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Vending Innovation: Interview with CIO Andy Dalton

What’s your elevator pitch?
I would say this, when it comes to supply vending in general, the days of an employee’s supply closet filled with expensive equipment are over. What’s in the cabinet is no longer pads and pencils and Post-it Notes. Now, you see laptops and keyboards and power connectors—more expensive items. It’s becoming important to track these items and have a better understanding of when it’s time to order more. Thus, the need for more secure and more automated means to control the distribution and the back-end administrative work.

Why did you jump into this sector?
I’ve been in technology for a number of years and have known some of the leadership at IVM. What got me excited specifically was IVM taking an old product, a piece of equipment that people think went through its own lifecycle 10-15 years ago. The pop and candy era. Now it has come back to the forefront, back to the market and places of business are doing phenomenal things with it. It’s a traditional machine updated to include necessary pieces of equipment that are necessary for business.

Tell me, did anything surprise you about the vending machine sector or grab your immediate interest/fascination? Anything that frustrates you?
What grabbed my initial curiosity was the products and services—it amazed me that all the tech companies we worked with could vend these high-end devices. You think about candy falling through a vending machine or getting stuck and you have to shake the machine to get it out. IVM Smart Lockers opened up a new door for companies to distribute these high-end devices without the worry of something falling down inside a machine and breaking. On the frustrating end, being an industry disruptor in supply vending means there’s a big learning curve to what we do, particularly in the area of connectivity. Businesses are used to their own operating systems and how they run. Our machines have a control board and no operating system. So, they’re actually more secure than even adding a printer. You can’t hack into a Smart Station or Smart Locker. There’s also a laser at the bottom of Smart Stations™ and when a vended item drops it knows. It also knows when an item doesn’t vend.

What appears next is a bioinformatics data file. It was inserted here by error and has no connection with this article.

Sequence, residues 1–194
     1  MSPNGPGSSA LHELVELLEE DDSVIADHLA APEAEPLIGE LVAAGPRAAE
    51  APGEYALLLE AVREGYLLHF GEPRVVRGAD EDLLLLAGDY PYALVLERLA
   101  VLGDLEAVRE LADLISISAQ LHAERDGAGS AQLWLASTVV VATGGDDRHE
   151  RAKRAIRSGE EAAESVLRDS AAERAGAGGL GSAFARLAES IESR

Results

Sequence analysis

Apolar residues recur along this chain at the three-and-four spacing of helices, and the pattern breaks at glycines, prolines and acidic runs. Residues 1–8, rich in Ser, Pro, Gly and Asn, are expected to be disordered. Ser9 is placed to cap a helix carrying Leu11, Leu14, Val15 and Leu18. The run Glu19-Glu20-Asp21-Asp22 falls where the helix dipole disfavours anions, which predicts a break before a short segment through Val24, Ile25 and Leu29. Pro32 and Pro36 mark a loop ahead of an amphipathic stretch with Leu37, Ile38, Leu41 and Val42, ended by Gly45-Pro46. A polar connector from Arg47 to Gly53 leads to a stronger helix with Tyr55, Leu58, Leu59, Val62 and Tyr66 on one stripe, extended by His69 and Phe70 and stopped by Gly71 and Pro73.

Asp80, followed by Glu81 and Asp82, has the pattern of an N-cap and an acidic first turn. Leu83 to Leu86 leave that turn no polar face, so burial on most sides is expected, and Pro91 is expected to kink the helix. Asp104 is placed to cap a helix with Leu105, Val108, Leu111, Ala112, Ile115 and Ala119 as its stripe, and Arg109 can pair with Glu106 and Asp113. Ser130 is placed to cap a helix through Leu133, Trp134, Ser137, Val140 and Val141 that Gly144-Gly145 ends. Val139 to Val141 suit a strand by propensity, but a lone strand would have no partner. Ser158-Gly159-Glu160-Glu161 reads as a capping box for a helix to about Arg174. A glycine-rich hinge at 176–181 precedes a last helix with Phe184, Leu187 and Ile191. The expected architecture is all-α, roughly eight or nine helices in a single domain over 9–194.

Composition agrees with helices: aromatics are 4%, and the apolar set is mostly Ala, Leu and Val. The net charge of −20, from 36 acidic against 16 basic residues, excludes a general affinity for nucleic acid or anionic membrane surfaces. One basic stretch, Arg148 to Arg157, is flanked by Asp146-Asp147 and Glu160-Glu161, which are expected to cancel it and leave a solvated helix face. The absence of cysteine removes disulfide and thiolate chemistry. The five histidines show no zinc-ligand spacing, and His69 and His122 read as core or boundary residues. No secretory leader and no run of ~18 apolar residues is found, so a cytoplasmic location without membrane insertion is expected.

What do you think is the “state of the union” right now for the industry?
I think what you’ve got in the industry right now is, it was previously ruled by traditional pop and candy machine vendors. And you have these warehouse-type places where suppliers are vending their own products. They’re spending time on the machine and the products, but not spending much in development of the software. We’re not out to make money on the products being vended. So, we spend time on the software. Putting our R&D money into the right tracking, security controls, budgetary controls—that’s where the market is headed in the future. That’s also what sets us apart.

Vending machines didn’t evolve much until recently. What took the industry a while to catch up with tech?
Vending machines have been around for decades, but technology had to wait for connectivity to catch up. The great thing about a vending machine is they can be placed anywhere for anytime access in hard-to-find locations where you’re not going to put a marketplace or café. Putting a standalone machine without someone watching it 24/7, by nature that’s just hard to communicate with. Then, the mobile revolution kicked in and made it easy for everything to be connected.

How will technology continue to change the vending industry? Where is the industry headed? What new tech and/or innovations await us on the horizon?
When you think about it, smart vending machines and smart lockers were IoT before someone came up with the term. IoT will continue to evolve and make a big difference here. 5G, cellular phone connections will be as fast if not faster than an Internet connection. And you won’t have to jump through all these Internet security hoops. That’s a biggie. More and more companies are going to want all of their smart devices that are feeding data back to the company to be integrated to the reporting system that the company has already chosen. Great reporting now isn’t actually connected back to the enterprise where the rest of the data is. One of the big things we’re working with is APIs and better integrations to the larger systems.

IVM is a disruptor that has used its technology to propel vending machines into the future – What role will IVM play in continuing to move the industry forward? What’s next for IVM?We are thinking through a lot of new products and use cases for vending in general. Think about what Smart Lockers have started, the mobile space—you can order a car from your device. Without giving anything away, we’re starting to think even outside of the machine. That’s probably all I should say right now.

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